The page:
The smiles were absolutely not this bright after the second lap!

A final point from today is that I’ve realised how much improvement I have made over the last few months. There is still a very long way to go for me to get where I want to be, but at least I know I am heading in the right direction. I’m feeling rather stressed at the moment (more on that later) but today has certainly shown me that we cannot predict the future and I am allowed to have positive hopes for what is to come.

Wheel life

Have I used this title before?! Who knows. Oh well, I like it. So, one of the big issues with being in a wheelchair is that it can lead to a lack of independence. Not necessarily through a lack of trying, but through pure difficulty. One of the things I’ve found hardest is being able to use my car independently, as so far I’ve required someone at either end to get my chair in and out of the boot. But no longer! From this moment on, I am free!

Yeah, that sounds dramatic, sorry. But I’m happy either way. I now have the ability to go where I want and do what I want whenever I want; which is a complete novelty to me at the present time. I can go from one set of wheels to another, and back again, completely on my own. Obviously it’s still more practical to have someone at either end place my chair in the boot, however there is something reassuring about having it available when driving alone. It’s something that has evaded me thus far for a number of reasons, and in an attempt to be educational rather than satirical for once I’ll go into detail here.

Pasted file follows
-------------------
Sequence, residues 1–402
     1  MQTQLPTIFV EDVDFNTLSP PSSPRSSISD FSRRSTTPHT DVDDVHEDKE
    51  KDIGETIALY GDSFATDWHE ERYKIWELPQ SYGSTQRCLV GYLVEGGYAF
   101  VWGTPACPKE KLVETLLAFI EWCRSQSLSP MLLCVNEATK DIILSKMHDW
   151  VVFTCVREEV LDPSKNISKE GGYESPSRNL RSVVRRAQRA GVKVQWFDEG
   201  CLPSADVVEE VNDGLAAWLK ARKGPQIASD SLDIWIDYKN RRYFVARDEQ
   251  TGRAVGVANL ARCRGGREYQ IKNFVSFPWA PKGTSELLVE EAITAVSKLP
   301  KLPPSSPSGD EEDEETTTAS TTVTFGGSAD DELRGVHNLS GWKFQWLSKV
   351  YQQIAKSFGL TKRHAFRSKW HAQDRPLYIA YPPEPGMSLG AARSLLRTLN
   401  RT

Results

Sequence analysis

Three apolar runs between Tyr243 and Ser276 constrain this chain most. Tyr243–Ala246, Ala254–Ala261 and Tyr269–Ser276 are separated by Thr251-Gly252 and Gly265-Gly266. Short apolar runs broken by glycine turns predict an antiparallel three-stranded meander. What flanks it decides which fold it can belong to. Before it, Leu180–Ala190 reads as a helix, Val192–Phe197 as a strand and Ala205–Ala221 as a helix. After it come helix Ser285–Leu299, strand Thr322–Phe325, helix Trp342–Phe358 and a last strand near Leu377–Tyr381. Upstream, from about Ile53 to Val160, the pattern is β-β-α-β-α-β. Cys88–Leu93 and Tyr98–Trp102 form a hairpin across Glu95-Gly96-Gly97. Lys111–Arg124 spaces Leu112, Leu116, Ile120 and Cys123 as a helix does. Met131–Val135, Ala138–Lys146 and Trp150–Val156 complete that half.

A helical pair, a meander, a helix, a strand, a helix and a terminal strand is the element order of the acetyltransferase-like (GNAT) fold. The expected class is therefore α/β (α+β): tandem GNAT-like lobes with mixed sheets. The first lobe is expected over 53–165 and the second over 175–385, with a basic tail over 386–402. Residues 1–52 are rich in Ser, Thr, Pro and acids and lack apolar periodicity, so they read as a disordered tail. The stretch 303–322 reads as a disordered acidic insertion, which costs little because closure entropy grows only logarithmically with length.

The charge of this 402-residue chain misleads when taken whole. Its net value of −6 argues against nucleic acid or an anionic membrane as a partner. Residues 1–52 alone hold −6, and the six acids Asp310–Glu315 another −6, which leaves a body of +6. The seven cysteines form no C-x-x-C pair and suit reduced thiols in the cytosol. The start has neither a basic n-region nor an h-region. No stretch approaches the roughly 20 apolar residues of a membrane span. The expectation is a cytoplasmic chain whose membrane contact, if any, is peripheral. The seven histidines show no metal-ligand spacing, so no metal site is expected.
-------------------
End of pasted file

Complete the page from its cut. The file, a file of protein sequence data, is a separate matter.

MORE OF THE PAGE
Firstly, getting something the size of a wheelchair into a car is never going to be easy. There are surprisingly few parts, and over the last few decades the technology used in wheelchairs has advanced dramatically and has made getting a chair in and out of a vehicle easier, but by no means is it easy. You take the cushion off, fold the back down, take the wheels off, then lift the frame of the chair in. Sounds simple, but requires a certain finesse that has evaded me until now.

Secondly, storing a few lumps of metal in a place they are not designed to go is, unsurprisingly, also slightly difficult. My way involves putting the wheels in the rear near side footwell, my cushion and backpack on the seat behind the driver, and the actual frame of the chair on the passenger seat. My car is incredible, but the one thing it lacks is electrically movable seats, and so I cannot move my seat back to make this process easier as I cannot move it forward again. Then we get to the problem of securing all of these pieces, as if I were to be involved in any kind of incident, or take a corner too fast, or hit the brakes hard, it’s bye bye windscreen and wheelchair.